Warren M. Grill1,2 and Graham H. Creasey2,3
1Department of Biomedical Engineering, Case Western Reserve University
CB Bolton Bldg., Rm. 3480, Cleveland, OH 44106-4912 USA
2Louis Stokes VA Medical Center, Cleveland OH
3MetroHealth Medical Center, Cleveland, OH
Spinal Cord injury causes bladder paralysis, bladder hyper-reflexia and bladder-sphincter dysynergia. Electrical stimulation of the sacral ventral roots provides safe and effective bladder emptying. Hyper-reflexia and dysynergia are sometimes treated at present by surgical transection of the sacral dorsal roots. The objective of this project is to develop an electrical alternative to surgical transection for control of bladder hyper-reflexia. Specifically, we sought to determine whether electrical recordings of sensory neural activity could detect changes in bladder pressure associated with hyper-reflexia, and whether electrical stimulation of sacral afferent nerve fibers could arrest nascent hyper-reflexive contractions. All protocols were reviewed and approved by the Institutional Review Board of MetroHealth Medical Center, and subjects gave informed consent.
Recording cuff electrodes were implanted on the S3 dorsal root during surgical procedures in which the roots were thereafter transected. During slow bladder filling, there was an increase in the S3 electroneurogram (ENG) at the onset of filling, but not during the fill. Rapid injections of saline into the bladder were used to evoke hyperreflexia-like increases in bladder pressure. These rapid increases in bladder pressure led to robust increases in the S3 ENG. The ENG exhibited a large onset response, during the initial increase in bladder pressure, followed by decay to an increased baseline value during the maintained pressure. There was no apparent off-response during decreases in pressure induced by removal of saline, only a return to the pre-injection baseline ENG.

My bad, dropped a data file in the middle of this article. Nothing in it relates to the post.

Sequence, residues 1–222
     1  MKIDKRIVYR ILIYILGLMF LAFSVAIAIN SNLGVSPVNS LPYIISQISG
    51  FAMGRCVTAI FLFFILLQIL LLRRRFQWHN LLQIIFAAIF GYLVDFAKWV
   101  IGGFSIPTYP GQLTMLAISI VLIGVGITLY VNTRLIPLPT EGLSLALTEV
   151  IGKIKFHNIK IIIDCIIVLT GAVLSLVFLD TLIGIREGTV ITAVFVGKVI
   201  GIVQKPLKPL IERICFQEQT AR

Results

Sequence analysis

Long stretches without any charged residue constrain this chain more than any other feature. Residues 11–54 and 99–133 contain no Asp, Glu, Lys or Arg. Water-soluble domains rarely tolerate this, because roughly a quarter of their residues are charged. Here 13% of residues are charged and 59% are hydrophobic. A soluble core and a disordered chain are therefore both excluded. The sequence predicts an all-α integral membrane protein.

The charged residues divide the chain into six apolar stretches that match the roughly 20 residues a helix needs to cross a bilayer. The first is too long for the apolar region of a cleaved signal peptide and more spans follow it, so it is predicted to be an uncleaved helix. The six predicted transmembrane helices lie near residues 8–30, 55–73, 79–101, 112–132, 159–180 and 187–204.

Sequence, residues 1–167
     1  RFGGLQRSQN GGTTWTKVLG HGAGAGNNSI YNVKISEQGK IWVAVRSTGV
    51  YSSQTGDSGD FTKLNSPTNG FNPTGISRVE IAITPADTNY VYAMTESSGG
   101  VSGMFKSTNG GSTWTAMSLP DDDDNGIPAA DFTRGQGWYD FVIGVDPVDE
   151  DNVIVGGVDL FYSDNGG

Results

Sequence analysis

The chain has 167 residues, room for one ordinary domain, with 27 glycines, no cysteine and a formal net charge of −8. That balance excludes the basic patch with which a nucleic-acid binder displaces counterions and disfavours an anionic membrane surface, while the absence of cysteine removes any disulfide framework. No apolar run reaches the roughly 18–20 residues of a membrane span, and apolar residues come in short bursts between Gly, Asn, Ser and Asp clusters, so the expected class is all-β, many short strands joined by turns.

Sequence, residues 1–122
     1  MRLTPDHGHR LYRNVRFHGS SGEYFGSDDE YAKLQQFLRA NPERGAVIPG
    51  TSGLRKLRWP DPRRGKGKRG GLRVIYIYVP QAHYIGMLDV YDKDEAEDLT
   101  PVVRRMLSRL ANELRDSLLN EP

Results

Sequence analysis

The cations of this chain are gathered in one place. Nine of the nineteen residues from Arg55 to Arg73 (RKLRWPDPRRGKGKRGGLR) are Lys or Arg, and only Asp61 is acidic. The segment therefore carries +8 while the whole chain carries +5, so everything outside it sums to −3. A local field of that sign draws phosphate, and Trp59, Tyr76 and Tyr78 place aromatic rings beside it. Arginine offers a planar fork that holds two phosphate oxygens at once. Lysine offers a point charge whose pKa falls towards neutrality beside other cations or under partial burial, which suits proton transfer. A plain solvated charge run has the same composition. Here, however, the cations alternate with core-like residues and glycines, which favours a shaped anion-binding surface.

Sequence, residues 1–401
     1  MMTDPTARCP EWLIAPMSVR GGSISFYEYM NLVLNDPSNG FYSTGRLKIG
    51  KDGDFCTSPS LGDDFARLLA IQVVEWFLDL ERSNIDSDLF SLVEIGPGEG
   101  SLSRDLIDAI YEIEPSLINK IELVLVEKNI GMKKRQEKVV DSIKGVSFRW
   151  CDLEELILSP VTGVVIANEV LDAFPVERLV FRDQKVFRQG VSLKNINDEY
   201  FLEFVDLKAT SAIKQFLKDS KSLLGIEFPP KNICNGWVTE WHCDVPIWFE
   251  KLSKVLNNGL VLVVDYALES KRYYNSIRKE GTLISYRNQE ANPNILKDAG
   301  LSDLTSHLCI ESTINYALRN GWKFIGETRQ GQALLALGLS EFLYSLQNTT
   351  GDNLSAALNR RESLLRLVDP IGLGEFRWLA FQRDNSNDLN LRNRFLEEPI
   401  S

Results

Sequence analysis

These results parallel our earlier studies in an animal model and demonstrate that electrical recording of sensory nerve activity can detect hyperreflexia-like increases in bladder pressure in human SCI. We have also shown that electrical stimulation of sacral afferent nerves in human subjects with chronic spinal cord injury can abolish nascent hyper-reflexive contractions of the bladder, increase bladder capacity and reduce incontinence of urine, particularly if this stimulation is applied at the onset of the contractions. These results indicate that electrical recording and stimulation can be used to detect and abolish bladder hyper-reflexia and may provide an alternative to surgical transection of the sacral dorsal roots.